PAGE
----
Holiday celebrations are a time for loved ones and meals together, and sometimes that includes separate tables for adults and children. Taking those first steps toward teacher leadership can feel much like being the boy or girl invited to sit with the grown-ups at the holiday dinner table.
As a child, I loved traveling to Grandma’s house for annual Thanksgiving or Christmas celebrations. The big celebration always meant a full house and an overflowing table, and on a couple of occasions, we didn’t all fit around the table. My two cousins, sister, and I spent at least a few years sitting at the “kids’ table.” At first, that was cool: we could sit there and talk about kid things, being silly and goofy and using poor table manners without any adult interference. As we got older, we realized the conversations at the adult table were more interesting. Sometimes we’d try to listen in, and when the adults realized we were being quiet, they would hush their voices or suddenly change the topic. It was a big deal when my grandparents and parents decided we were old enough to sit at the grown-ups’ table.
That scene has struck me a few times over the past couple of years. Nearly two years ago I attended my first-ever Teaching & Learning Conference. I was so excited to be at this National Board of Professional Teaching Standards (NBPTS) event, but I was a little bit overwhelmed at the same time. A wonderful group of State Teachers of the Year “adopted” me for the weekend, and their suggestions proved invaluable to me as I selected sessions to attend, recommending Tony Wagner’s plenary on the challenges we face in education and the innovations our students need. I returned from the trip to D.C. reinvigorated, ready to face the challenges of the final stretch of the school year and eager to stay in touch with the exceptional educators I’d had the privilege of meeting. Within the next week I met with my curriculum director to share what I had learned about student-led, student-directed projects (20% Time/Genius Hour) and more formalized teacher leadership roles, and explained how I wanted to pursue both of these ideas. I also spent more time on Twitter, following some of these leaders and joining the Collaboratory at the Center for Teaching Quality. The time spent at this adult table enabled me to continue learning, growing, and collaborating throughout the year.
When the next Teaching & Learning Conference came around, I was able to attend again. I found myself meeting face-to-face with some educators like Megan Allen and Jeff Charbonneau, whose blogs and professional work I had been following from my classroom in northeast Ohio. The conference sessions were as engaging and thought-provoking as they had been the year before; the conversations and learning continued into the evening. These leaders didn’t just share their ideas and experiences with me; they wanted to hear about my experiences teaching middle school gifted children and how today’s issues in education are impacting them.
I felt very much like my childhood self in that 1970s plaid jumper and tights, trying to play it cool as I was told to sit in a chair at the grown-ups table. I didn’t want to mess this up; I didn’t want one of these amazing educational leaders to look at me with gentle eyes and say, “I’m sorry, but you need to go sit at the kids’ table over there.”
Then the realization hit me: in some places in education, we don’t move anyone to the kids’ table. The grown-ups’ table is open to anyone who wants to join the conversation. It’s simply a matter of pulling up a chair, listening to others, and sharing our own experiences and ideas. This led me to a second realization: at Teaching & Learning, had someone told me just to join in, I never would have done it. After all, I thought, how could I possibly have anything interesting or relevant to add to the discussion? However, when I was invited to join, even metaphorically taken by the hand and led to the table, I found that not only could I learn so much at this table, but I had ideas to share, too. Now I am looking around me to see whom I can invite to join the table.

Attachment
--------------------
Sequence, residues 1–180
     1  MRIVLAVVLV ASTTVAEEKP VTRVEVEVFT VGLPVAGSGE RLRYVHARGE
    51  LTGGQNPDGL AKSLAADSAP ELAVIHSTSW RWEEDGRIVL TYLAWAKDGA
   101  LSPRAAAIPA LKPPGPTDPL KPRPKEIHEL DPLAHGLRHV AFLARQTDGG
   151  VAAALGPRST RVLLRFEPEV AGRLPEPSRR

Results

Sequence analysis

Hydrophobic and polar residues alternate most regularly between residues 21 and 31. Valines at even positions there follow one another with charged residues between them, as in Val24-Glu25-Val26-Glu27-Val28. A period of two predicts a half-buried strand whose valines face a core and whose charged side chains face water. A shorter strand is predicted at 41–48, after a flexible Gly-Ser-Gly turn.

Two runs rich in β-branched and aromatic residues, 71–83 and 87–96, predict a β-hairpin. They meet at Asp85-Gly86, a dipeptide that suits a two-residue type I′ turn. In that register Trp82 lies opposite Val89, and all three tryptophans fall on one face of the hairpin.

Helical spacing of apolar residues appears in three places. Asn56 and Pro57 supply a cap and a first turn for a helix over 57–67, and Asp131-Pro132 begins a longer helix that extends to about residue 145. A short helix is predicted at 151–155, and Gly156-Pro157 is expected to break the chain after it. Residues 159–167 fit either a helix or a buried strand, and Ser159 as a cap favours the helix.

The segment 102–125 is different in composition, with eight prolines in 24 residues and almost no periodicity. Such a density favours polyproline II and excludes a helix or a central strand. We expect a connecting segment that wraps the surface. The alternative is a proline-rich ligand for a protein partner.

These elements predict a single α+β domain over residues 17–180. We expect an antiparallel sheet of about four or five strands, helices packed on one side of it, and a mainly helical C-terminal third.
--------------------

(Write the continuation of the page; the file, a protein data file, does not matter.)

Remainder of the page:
While these experiences at Teaching & Learning have given me that feeling of being viewed as a valuable member of the community, not all spaces within the field of education are as welcoming of teachers’ ideas. In some settings, teachers are reluctantly invited or not invited at all. Not all the “adults” in the education world are willing to make space at the grownups’ table.
Take, for example, this 2012 article by Ariel Sacks, in which she describes some of the difficult lessons she’s learned as a teacher leader. She cautions against becoming the “token” at the grownups’ table, something none of us wants to be. We want to be there because our voices and experiences offer important insights and are valuable to the others at the table. How can we take the initiative to step up to the table? What do we need to do to show the others at the adults’ table that our voices must be there?
The table in education should be different from that table at Grandma’s house. The grownup table in education should expand. There should be no limit to available seating for teachers and all stakeholders (students and parents included). How can we continue to support this kind of inclusivity at the tables already practicing this, like those at Teaching & Learning? Perhaps more importantly, how can we encourage this kind of openness at other educational tables? How should we continue to elevate our voices and even lead the discussion, so that we aren’t viewed as the noisy ones sitting at the kids’ table in the other room, but as people with important, valuable experiences and viewpoints that will improve education for everyone?
Photo of T. Ebner at around age 5, taken by P. Wolfgram